On 28 March, Indonesia Air Asia (QZ) suspend all domestic and international flights to overcome spread of pandemic. All domestic flights suspended between 1 April and 21 April 2020 while international flights between 1 April and 17 May 2020.
Mayapada Group founder, Dato Sri Tahir donated Rp. 52b in form of Personal protective equipment, medical drugs, disinfectant, operational vehicles and also accommodation.
On 31 March, Grab donated US$10 Mio to reduce Covid-19 impact in Indonesia.
In addition, Indonesia suspends visa free entry for all visitors into the country for one month. Visitors who wish to enter Indonesia must apply for a visa at the nearest embassy or consulate and produce a valid health certificate and state of purpose.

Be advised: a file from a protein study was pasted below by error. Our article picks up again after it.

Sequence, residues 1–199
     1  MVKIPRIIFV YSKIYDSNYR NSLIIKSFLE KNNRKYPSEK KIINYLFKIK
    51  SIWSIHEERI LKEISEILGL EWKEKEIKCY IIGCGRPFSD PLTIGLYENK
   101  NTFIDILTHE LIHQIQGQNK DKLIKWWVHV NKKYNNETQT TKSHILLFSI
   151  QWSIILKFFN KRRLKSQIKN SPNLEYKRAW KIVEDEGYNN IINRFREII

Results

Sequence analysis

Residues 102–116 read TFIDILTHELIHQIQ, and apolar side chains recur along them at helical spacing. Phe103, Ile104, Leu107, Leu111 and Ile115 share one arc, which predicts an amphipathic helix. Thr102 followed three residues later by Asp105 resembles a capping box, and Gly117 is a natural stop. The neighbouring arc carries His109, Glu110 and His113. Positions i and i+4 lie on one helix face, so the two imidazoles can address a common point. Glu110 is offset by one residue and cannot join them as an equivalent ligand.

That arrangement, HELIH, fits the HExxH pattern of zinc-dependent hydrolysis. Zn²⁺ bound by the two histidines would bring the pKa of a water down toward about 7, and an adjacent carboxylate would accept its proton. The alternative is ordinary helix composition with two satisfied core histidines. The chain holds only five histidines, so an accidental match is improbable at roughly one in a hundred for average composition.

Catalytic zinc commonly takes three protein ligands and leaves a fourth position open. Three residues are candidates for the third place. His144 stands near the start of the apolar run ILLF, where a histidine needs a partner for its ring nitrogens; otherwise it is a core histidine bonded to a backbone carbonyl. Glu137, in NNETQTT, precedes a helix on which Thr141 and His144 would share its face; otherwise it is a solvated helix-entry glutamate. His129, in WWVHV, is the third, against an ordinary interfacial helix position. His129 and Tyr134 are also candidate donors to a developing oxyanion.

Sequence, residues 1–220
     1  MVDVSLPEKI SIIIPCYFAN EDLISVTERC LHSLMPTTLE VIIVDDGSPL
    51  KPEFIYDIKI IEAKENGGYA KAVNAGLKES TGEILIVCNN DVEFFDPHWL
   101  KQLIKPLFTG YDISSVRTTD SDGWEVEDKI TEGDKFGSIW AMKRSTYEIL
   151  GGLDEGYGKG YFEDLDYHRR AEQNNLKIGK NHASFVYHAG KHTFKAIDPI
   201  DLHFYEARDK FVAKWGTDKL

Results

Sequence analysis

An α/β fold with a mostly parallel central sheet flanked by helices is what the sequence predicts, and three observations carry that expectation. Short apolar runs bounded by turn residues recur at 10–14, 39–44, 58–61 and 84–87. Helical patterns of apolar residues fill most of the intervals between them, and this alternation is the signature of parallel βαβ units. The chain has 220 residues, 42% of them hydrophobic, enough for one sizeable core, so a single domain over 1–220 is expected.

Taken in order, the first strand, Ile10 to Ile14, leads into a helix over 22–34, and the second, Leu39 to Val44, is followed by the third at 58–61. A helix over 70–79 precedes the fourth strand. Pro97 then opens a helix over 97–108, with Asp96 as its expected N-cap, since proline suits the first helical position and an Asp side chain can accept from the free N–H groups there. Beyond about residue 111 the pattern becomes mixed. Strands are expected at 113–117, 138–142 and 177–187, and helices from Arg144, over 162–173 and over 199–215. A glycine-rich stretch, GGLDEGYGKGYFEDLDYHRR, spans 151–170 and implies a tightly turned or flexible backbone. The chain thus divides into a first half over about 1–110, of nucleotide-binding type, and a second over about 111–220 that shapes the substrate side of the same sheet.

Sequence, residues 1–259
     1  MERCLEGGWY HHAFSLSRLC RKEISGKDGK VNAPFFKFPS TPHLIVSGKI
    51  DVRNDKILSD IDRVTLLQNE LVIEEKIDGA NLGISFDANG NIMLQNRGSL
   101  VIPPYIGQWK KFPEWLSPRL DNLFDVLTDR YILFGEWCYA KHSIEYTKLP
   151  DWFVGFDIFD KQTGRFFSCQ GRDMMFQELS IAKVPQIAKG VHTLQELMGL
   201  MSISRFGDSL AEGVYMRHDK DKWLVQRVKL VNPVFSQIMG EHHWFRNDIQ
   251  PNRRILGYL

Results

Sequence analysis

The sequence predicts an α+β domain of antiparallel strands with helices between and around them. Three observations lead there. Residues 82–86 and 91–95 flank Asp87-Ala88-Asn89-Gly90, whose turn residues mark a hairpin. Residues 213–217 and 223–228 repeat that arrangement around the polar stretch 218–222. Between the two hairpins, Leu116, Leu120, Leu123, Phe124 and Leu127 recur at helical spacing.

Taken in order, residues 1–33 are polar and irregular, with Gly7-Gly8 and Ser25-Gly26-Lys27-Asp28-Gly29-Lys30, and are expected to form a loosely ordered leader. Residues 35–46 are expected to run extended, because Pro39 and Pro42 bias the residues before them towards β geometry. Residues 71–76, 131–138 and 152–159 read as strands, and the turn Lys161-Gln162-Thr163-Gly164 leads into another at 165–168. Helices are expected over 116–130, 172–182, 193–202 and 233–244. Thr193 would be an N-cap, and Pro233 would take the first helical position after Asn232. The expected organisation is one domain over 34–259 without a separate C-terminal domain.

Indonesians who return from the aforementioned countries are also subject to additional health screening and a 14-day stay-at-home notice or quarantine depending on appearing symptoms.
On 31 March, Indonesia will bar foreign nationals from transiting through or entering the country as the government steps up efforts to curb the spread of COVID-19 in the country without heeding growing calls for a complete lockdown to contain the pandemic. This policy start from 2 April until further notice, but destroy everything.
The government faced backlash after instead pledging to set aside IDR 72 billion ($5m) to pay for social media influencers to attract tourists to Indonesia.
Lack of transparency